The transformation in Labour’s attitude to defence is positive and profound
Ladbrokes is offering 20/1 on Dan Jarvis becoming the next leader of the Labour party. Jarvis, MP for Barnsley Central since the by-election there in 2011, is already doing well as a shadow minister for culture. He is an energetic campaigner, is mastering speaking in the Commons, and has a rock-solid majority of 11,000. He also has a 10-year service record in the Parachute Regiment, with service in Kosovo, Northern Ireland, Iraq and Afghanistan. In the by-election, the Tories came third behind the United Kingdom Independence party and the Liberal Democrats came sixth, beaten by the British National party and an independent. Barnsley has taken its newest MP to its heart.
If the bookies have to pay out on a Jarvis leadership election, he will be the first ex-services leader of the Labour party since James Callaghan. Callaghan saw wartime service with the Royal Navy, fighting the Japanese in the Pacific. His successors have been, respectively, a journalist, a Workers’ Educational Association tutor, a lawyer, another lawyer, a TV producer and a special adviser, none of whom ever wore a military uniform.
That Jarvis has got so far in the Labour party, and is being considered as a future leader, even at 20/1, is about more than his own qualities of leadership. It represents a remarkable shift in the attitude of the Labour party towards the armed services, and to the defence of the realm. Labour’s shadow defence secretary, Jim Murphy, launched a review of defence policy earlier this year. He spoke of ‘strong, hi-tech armed forces’, and a ‘vibrant defence industry’ anchored in the doctrine that ‘we all have responsibilities beyond our borders and our security and liberty at home cannot be separated from events overseas.’ Crucially, there is no question whatsoever of the Labour party adopting a position of unilaterally renouncing Britain’s nuclear weapons, which were introduced by the Labour government of Clement Attlee.
It was not always like this. The orthodox view in the constituency Labour parties, unions and shadow cabinet in the 1980s was that Labour should spend less on defence, close United States bases in Britain and decommission the nuclear arsenal. Strange as it may seem today, this was mainstream stuff back then. Gavin Strang, writing in Tribune in October 1983, shared the revelation that ‘the Russians are not planning to invade Europe’ and called for a dismantling of the west’s defences. He ended up as a transport minister under Tony Blair.
Jack Straw’s new autobiography, Last Man Standing, describes the future foreign secretary’s activism in the Campaign for Nuclear Disarmament, including the Aldermaston marches and a Committee of 100 sit-down protest in Parliament Square. Straw says, ‘CND was not a simple front of the British Communist party, as were many apparently broad-based groups of the time, but the Communist party was disproportionately influential in the unilateralist movement.’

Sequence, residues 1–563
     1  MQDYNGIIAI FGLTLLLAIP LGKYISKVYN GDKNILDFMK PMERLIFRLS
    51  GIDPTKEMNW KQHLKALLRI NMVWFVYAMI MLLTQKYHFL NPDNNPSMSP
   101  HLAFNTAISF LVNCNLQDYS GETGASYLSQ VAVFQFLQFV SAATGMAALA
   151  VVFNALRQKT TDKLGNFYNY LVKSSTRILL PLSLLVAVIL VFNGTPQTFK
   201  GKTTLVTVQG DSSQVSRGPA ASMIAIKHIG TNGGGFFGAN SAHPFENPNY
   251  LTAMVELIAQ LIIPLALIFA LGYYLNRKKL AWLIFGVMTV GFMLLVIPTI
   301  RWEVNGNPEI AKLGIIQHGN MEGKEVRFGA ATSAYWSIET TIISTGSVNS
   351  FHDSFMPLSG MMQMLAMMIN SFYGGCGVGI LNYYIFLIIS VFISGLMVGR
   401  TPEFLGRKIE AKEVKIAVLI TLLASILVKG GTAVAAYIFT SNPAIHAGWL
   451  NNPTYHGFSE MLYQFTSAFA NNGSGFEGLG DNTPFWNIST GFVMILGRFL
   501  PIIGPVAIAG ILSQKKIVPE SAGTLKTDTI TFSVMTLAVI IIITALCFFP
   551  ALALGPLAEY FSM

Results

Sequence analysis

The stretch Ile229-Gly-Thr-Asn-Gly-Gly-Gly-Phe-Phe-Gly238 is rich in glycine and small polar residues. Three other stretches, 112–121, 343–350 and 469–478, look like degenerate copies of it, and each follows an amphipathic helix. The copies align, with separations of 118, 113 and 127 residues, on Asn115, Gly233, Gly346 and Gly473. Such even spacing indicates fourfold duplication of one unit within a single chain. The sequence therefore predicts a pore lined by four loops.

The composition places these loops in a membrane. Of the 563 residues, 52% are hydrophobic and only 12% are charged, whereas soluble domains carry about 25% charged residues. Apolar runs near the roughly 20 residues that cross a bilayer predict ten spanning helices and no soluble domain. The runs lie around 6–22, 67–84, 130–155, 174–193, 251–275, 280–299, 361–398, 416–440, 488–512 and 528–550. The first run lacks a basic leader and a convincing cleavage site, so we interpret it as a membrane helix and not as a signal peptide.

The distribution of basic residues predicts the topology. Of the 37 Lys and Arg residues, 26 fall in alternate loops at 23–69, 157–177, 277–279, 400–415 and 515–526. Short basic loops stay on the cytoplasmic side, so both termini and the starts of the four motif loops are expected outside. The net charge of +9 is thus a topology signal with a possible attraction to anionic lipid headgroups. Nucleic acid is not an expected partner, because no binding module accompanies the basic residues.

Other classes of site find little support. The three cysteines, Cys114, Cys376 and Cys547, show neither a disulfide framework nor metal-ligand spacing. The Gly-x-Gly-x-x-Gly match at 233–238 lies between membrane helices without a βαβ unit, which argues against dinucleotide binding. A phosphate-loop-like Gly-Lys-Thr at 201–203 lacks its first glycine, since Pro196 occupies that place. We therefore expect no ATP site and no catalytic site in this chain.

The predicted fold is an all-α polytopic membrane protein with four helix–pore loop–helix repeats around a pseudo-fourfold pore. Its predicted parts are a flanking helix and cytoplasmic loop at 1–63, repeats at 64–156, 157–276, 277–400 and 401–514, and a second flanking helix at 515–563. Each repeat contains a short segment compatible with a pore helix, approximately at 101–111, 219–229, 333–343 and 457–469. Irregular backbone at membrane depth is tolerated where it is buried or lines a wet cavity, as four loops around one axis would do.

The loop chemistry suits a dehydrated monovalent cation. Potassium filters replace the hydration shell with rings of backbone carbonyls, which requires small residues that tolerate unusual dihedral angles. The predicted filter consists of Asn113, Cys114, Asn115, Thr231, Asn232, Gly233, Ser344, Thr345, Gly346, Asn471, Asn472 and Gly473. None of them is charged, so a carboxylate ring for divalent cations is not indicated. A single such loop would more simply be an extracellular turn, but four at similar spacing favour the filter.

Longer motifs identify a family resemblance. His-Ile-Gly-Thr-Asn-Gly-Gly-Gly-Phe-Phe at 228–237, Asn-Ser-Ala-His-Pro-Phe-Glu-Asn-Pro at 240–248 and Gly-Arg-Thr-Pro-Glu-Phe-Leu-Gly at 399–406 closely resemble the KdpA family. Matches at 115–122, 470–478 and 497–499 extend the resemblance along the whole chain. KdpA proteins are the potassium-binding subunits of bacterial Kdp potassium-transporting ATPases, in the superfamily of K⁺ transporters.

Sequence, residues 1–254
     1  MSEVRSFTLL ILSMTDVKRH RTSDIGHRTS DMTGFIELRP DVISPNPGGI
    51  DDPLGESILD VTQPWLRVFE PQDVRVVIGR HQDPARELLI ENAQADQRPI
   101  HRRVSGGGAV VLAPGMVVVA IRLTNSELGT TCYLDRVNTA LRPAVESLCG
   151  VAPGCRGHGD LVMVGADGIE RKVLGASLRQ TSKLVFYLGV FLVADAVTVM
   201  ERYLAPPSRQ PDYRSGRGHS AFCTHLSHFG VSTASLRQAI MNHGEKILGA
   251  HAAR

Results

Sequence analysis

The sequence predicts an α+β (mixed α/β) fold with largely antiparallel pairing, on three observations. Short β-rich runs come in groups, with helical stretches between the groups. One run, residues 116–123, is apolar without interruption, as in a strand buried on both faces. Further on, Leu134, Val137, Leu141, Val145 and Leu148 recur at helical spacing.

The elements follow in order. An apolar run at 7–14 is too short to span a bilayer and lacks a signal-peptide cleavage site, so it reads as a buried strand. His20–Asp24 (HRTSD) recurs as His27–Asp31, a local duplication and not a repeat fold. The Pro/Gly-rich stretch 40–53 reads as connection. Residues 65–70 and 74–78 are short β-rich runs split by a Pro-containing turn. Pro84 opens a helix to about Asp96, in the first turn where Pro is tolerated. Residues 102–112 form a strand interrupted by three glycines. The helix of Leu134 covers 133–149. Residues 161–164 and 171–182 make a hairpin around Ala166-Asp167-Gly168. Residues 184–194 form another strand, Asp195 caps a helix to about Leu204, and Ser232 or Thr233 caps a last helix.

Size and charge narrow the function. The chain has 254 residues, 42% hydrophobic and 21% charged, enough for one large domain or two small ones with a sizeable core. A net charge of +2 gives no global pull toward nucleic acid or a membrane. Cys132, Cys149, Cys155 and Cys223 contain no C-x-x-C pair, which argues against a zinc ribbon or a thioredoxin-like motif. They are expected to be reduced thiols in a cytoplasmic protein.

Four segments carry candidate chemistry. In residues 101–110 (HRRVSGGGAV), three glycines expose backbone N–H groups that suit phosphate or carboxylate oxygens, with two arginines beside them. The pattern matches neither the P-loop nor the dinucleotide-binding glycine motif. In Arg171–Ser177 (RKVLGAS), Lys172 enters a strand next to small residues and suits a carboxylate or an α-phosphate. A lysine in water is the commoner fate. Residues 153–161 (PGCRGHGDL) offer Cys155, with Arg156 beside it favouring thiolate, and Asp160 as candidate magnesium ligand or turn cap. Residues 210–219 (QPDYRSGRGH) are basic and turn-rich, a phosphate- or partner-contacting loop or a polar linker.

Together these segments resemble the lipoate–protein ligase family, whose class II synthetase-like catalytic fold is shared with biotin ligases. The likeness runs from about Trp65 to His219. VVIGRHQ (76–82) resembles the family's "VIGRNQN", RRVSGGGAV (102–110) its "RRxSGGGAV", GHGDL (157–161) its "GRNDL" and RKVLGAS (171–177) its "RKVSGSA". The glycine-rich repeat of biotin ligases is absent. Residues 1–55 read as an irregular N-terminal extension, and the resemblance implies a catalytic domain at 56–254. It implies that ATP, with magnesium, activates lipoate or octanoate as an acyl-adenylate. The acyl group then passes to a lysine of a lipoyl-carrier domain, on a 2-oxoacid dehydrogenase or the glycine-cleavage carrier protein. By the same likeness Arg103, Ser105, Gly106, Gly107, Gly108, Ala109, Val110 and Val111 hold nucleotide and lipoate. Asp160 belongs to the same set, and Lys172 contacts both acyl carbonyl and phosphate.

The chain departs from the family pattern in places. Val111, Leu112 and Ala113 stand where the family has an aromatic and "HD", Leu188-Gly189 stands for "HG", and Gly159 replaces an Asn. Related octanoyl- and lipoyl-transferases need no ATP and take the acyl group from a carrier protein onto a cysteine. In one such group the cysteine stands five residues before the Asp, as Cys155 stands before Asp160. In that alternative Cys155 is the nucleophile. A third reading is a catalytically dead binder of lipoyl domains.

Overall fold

CND’s triumph came in 1983, not with the removal of nuclear weapons but with its capture of Labour’s policymaking apparatus. The 1983 Labour manifesto contained the now-famous pledges to remove all nuclear weapons and bases from British soil and waters within the lifetime of the parliament.
It was the centrepiece of the election campaign. When asked if he would press the nuclear button, Michael Foot replied, ‘It would be an act of utter, criminal insanity.’ Margaret Thatcher, when asked the same question, said, ‘The Russians must know that under certain circumstances it would be fired. Otherwise, it would cease to be a deterrent.’ And that was the election campaign in a nutshell: Thatcher tough and resolute; Foot not. Few doubted the principled nature of the Labour leader’s position, but the fact that neither his deputy nor predecessor agreed with him hardly helped sell it to the public. The Tories’ advertising campaign suggested that voting Labour was the same as signing a piece of paper stating: ‘I agree that Britain should now abandon the nuclear deterrent which has preserved peace in Europe for 40 years. I fully understand the Russians are unlikely to follow suit.’
Today, Labour enjoys a healthy respect on defence issues. No one doubts that the party takes Britain’s defences seriously. CND and the Stop the War Coalition have as much influence on Labour policy as the Man in the Moon does. This position was hard-won. It took some soul-searching and tough decisions by former unilateralists such as Neil Kinnock and Robin Cook. Labour now has military veterans joining its ranks, and being openly welcomed. Jarvis will not be the last veteran of Iraq or Afghanistan in the parliamentary party. Forces families look to a future Labour government for the fair treatment they are denied under the coalition.
All of which makes it more important than ever for Ed Miliband to ignore the siren voices of those who think Trident is outmoded, outdated, too expensive, and want him to copy Foot at the next election. The only beneficiary of making the next election about anything other than the economy and public services is David Cameron.
Progressive centre-ground Labour politics does not come for free.
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